Mark Levy: Yeah, well done. $6 million is a hell of a lot of money, and it's probably a drop in the ocean given what the vets have done for this country over many conflicts, including the Vietnam War. Just while I've got your Minister, I mean, we talk about veterans and the support. And as much as I applaud this announcement, I got a couple of mates who served in the Defence Force and they returned from operations overseas, and I talk to them and very rarely do they open up to me occasionally, if we're sitting there having a couple of beers, they'll start talking about what they've been through, what they saw and what they were asked to do. Do we put enough support in place and do we have enough support in place for those people who are returning from conflicts in this day and age from peacekeeping operations, admissions in terms of counselling services and all that sort of thing? Because the vets I speak to and the retired Defence Force personnel, you can tell they're affected by what they've been through throughout their career and their service to this country. Is the country doing enough for them or does more need to be done?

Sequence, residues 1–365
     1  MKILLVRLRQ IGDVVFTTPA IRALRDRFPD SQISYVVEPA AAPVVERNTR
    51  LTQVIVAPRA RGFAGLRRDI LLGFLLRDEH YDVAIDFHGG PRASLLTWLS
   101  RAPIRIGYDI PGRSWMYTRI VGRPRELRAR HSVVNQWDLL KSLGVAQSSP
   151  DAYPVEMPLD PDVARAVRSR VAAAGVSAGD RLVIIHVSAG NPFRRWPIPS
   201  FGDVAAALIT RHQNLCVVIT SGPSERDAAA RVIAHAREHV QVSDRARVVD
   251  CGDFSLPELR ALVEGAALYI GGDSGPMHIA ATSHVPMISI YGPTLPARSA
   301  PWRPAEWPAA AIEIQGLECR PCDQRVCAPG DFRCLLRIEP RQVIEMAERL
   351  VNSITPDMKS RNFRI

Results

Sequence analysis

Andrew Gee: I think we're a lot better at it than we ever have been, but there is clearly more to be done. Annually, I think we spend about over $11 billion annually, about $11.7 billion supporting our veterans and their families. But I think it's something that we as a nation, haven't really been on top of right from the very beginning, when we started sending young men and women into harm's way from the Sudan, the Boer War or the First World War. I mean, when the First World War vets came home, no one really knew what PTSD was. If you look at what happened to the Vietnam vets, it was often the families that were left to pick up the pieces. I think we are a long way better than we ever have been. Yesterday I turned the first sod, the Veteran Wellbeing Centre in Nowra. So this is going to be a hub where veterans can get medical support, mental health support. They can have their claims lodged and processed there. They can meet there, they can have a cup of coffee. We're rolling these out nationally as part of a $43 million program.